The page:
Substations convert and distribute 220 to your neighborhood, from high tension wires from the power plants.
Line voltage may even go up from 110
What are you, 200 years old? How are your carbon filament lights doing these days?
125V and 240V+ is typical US line voltage. If you're seeing 110V and 220V, your (knob and tube?) wiring is ready to catch fire...
Batteries are one method, but flywheels can work well, too. They could spin up a flywheel to consume the excess energy, then release it later as-needed (e.g. a dark cloud). In fact, they can spin up a flywheel at nighttime, too, when they have excess production, to smooth out daytime use
Bull. Shit. Flywheels store power for a few short MINUTES. There will be no energy left an hour later.
There have been promises of long-term flywheel power storage for many years, decades even, but they've never been able to get those magnetic bearings to work, due to pesky little eddy currents. Without that, you've got a big heavy wheel spinning around at high speed on ball bearings. Shut off the power to your clothes drier, and measure how long it keeps spinning... That's about how long-term flywheel energy storage works here on Earth. Go up into space, where there's no gravity or atmosphere, and it does a better job.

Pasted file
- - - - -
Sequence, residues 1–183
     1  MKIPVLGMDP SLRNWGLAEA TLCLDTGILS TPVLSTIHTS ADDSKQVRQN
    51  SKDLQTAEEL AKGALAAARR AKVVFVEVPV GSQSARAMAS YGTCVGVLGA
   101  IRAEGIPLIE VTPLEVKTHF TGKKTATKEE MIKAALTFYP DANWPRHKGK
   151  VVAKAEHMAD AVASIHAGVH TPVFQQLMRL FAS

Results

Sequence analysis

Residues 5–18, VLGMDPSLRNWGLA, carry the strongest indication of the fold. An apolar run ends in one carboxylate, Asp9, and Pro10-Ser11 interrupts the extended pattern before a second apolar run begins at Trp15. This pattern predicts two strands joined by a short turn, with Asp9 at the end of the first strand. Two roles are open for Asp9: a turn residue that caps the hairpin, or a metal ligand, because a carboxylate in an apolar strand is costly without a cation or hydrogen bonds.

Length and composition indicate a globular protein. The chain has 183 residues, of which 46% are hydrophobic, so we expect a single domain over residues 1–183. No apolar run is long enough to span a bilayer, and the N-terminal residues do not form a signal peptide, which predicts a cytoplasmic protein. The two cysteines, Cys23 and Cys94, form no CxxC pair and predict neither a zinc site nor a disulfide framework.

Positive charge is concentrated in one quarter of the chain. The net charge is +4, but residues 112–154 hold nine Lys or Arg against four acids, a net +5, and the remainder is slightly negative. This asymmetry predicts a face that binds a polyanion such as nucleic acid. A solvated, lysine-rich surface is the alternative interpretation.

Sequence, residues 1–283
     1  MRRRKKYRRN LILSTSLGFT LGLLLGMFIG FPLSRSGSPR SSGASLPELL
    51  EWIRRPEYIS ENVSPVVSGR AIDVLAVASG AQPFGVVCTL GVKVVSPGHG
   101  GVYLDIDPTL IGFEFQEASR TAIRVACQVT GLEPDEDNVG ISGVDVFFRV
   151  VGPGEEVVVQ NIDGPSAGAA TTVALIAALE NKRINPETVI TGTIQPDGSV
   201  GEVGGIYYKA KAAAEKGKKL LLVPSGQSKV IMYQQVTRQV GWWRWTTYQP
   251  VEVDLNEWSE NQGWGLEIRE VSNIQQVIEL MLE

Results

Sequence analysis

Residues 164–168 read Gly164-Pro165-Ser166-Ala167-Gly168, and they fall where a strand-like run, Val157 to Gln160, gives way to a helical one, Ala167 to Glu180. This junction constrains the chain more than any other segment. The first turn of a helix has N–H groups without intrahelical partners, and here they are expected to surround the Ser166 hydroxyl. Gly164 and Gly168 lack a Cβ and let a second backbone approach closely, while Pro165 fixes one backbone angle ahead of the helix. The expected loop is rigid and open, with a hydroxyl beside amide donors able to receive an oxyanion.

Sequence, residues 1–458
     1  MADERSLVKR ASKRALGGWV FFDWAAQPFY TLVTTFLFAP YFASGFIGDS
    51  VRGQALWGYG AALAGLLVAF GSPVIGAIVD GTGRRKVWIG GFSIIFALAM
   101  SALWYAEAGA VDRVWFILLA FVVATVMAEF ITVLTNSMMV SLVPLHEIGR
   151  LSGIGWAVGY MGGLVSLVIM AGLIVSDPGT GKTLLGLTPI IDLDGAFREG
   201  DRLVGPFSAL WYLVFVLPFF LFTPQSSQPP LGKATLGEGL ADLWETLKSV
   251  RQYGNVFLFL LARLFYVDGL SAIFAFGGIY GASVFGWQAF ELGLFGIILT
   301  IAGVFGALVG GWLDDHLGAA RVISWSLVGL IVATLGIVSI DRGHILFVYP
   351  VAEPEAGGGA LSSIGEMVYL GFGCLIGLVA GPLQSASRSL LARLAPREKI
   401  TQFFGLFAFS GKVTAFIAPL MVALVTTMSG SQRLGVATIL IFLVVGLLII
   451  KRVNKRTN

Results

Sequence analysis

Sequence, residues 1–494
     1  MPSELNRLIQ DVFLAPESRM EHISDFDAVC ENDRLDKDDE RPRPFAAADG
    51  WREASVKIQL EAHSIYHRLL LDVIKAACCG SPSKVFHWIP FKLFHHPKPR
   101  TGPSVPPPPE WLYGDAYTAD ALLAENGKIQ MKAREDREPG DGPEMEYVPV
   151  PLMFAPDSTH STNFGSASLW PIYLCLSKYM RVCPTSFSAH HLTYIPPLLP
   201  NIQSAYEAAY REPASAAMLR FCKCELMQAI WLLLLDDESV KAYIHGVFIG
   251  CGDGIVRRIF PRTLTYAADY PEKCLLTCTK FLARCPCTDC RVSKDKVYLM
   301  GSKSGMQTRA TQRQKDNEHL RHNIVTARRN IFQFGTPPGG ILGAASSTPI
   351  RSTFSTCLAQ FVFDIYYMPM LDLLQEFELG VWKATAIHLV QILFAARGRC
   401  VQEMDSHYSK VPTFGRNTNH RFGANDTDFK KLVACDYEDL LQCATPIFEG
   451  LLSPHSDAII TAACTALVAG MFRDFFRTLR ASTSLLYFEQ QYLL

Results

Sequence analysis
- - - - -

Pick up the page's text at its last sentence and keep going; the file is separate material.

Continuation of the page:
this infrastructure will smooth out their plants for normal use, too.
It could, but they'd be stupid to use it for that purpose. Grid losses average 7%. You get that much loss out of the AC-DC then DC-AC conversion, and possibly many times more losses out of the charging/discharging cycle losses of any battery chemistry... Meanwhile, speeding-up/slowing-down a turbine has little or no loss.
Localizing the storage is far more efficient than sending it hundreds of miles,
No, storage is vastly LESS efficient, and that's even if you pretend the infrastructure and maintenance is free. See above.